President Maduro recognized the progress made in this Council and stated that much remained to be done to consolidate the human rights system and this body, and to build a true dialogue among the civilizations in which a story and identity of all peoples would be heard. It was the people of South America that had been enslaved and murdered, that 80 million human beings had been exterminated in the indigenous holocaust by imperial and colonial powers. The people of South America were now free and were seeking their own future; no one must impose a political or economic system, or a system of thinking, on others and the people of the South must be respected in their own identity. Venezuela had chosen the path of a social system based on democracy and the rule of law, which placed human beings at the centre of efforts to develop and provide social happiness. The Venezuelan Constitution had been written by millions; it was the only Constitution in Venezuela on which the people had been consulted, and the only Constitution adopted by popular referendum. It had put the human being at the centre and provided for the protection of children, the protection of the environment, the protection of labour rights, the stability of work, and the protection of women.

The society in Venezuela was not without complex processes. Venezuela had suffered harassment by the imperialist power of the United States for more than two decades. The harassment was ongoing even today, as was the misuse and manipulation of the issues of human rights by the West in order to isolate the country and as an attempt to protect those who were seeking to destroy the human rights and democracy that Venezuela had built over the past 70 years. Venezuela was facing an enormous challenge of building a new society and was moving forward in those efforts. During its 2011 Universal Periodic Review, Venezuela was able to bring to the forefront the success achieved in the fight against poverty, and would do so again in 2016. Despite the economic crisis, additional progress was being achieved in fighting poverty and extreme poverty through universal health coverage, housing, job creation, income protection and other public policies. Those and other public policies allowed Venezuela to move ahead with optimism, and to move past the political and economic complexity experienced in 2014 and 2015.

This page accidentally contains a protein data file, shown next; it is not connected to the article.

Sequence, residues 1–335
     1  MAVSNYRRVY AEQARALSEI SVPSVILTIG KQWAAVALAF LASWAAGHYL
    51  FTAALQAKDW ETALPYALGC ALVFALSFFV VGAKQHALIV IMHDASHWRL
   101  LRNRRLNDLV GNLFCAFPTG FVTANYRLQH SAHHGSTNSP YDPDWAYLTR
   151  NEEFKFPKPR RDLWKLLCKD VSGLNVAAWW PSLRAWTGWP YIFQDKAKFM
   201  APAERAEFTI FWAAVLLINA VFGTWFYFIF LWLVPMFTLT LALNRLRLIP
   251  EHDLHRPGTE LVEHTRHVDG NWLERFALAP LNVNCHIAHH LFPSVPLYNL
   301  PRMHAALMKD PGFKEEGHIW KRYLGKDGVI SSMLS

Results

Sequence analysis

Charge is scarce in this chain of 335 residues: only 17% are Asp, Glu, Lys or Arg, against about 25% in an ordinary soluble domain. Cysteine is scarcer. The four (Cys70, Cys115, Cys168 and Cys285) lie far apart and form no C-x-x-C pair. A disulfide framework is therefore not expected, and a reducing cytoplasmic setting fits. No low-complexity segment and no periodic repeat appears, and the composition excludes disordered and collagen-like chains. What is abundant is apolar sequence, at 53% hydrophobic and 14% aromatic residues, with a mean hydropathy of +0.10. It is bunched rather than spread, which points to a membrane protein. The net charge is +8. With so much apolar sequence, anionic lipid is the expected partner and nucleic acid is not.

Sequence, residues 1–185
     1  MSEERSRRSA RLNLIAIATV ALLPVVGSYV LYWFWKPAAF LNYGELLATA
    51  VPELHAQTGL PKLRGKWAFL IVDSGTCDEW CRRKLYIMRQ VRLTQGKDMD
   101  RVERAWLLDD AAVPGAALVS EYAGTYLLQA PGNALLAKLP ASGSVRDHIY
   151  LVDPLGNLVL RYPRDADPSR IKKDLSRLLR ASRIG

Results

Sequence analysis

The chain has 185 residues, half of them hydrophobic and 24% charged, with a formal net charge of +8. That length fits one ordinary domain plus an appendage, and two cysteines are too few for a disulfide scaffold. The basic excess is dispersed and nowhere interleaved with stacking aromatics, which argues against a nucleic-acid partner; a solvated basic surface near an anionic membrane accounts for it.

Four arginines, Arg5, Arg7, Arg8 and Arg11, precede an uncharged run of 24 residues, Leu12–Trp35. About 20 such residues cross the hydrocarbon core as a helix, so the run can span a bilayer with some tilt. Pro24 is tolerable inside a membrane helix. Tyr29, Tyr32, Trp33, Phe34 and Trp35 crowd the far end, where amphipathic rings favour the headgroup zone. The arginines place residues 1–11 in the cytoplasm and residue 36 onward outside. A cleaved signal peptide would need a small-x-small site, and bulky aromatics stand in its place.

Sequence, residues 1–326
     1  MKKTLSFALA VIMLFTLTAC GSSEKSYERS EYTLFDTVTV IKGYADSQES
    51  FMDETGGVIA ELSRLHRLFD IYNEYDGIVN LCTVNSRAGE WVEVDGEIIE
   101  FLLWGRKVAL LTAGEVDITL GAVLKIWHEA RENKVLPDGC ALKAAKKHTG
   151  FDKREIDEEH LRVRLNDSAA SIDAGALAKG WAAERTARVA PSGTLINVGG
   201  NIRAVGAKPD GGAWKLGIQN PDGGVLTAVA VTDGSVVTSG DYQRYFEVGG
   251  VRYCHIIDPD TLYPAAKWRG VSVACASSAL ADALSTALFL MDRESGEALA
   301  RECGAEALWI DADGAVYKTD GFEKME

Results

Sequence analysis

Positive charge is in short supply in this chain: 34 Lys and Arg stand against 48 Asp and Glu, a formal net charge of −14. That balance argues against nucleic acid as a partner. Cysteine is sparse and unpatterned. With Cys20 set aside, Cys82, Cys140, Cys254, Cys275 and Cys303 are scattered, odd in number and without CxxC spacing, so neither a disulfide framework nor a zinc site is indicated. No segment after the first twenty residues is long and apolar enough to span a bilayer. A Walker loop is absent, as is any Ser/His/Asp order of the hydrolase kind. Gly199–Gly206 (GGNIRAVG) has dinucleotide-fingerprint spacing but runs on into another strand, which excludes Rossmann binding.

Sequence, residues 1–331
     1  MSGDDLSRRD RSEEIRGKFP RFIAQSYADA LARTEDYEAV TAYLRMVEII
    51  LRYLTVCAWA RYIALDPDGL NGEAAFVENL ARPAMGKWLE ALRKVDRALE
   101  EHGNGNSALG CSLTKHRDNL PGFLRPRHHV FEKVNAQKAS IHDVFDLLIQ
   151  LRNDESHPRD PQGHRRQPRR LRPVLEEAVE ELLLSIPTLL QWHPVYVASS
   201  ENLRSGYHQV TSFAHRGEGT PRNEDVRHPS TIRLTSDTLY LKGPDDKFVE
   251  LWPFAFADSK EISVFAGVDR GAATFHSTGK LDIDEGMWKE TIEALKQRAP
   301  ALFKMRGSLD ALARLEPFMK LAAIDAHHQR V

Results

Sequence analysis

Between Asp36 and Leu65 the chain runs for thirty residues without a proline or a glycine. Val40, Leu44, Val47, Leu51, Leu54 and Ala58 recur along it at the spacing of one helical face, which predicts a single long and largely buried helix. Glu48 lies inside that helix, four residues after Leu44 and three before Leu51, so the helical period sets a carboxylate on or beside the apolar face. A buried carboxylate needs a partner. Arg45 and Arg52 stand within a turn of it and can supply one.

The United Nations and the Human Rights Council must focus on ensuring that they were not used as political weapons against States by those who sought to impose only one vision of the world, said President Maduro, and stressed that Venezuela demanded the highest level of respect by all those under the umbrella of this Council. Venezuela was creating a National Human Rights Council and was creating its national human rights plan, a result of broad-based consultation, which would be in step with the presentation to the Universal Periodic Review in 2016. On 6 December this year, Venezuela would hold elections, said President Maduro, recalling that all governors and municipal authorities in Venezuela were elected and that the electoral system contained 25 audit checks before the results were declared.

A new regionalism had been born, attached to the vision of a multipolar world, the world of civilizations and cultures, said President Maduro. Venezuela would hold a seat in the Council from 2016 to 2018, years that would be crucial in the history of the world, with the massive movement of people from the Middle East and Africa to Europe who sought an oasis of peace, stability and tranquillity. In the Council, Venezuela would add its voice to resolving the humanitarian crisis and the plight of hundreds of thousands of migrants; that was going to be among the key items on its agenda in the Council, together with the issue of the right of the Palestinians to their free land, to their free State and to the right to life. Venezuela would defend just causes at the very centre of humanity, because behind those events and the painful migration to Europe, behind the war, behind the Palestinian cause, there was the hegemonic power. Next year Venezuela was taking the presidency of the Non-Aligned Movement and would support the efforts to rectify the mistakes and address the deterioration of respect and protection of human rights in the United Nations, and the protection of one and all.

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For use of the information media; not an official record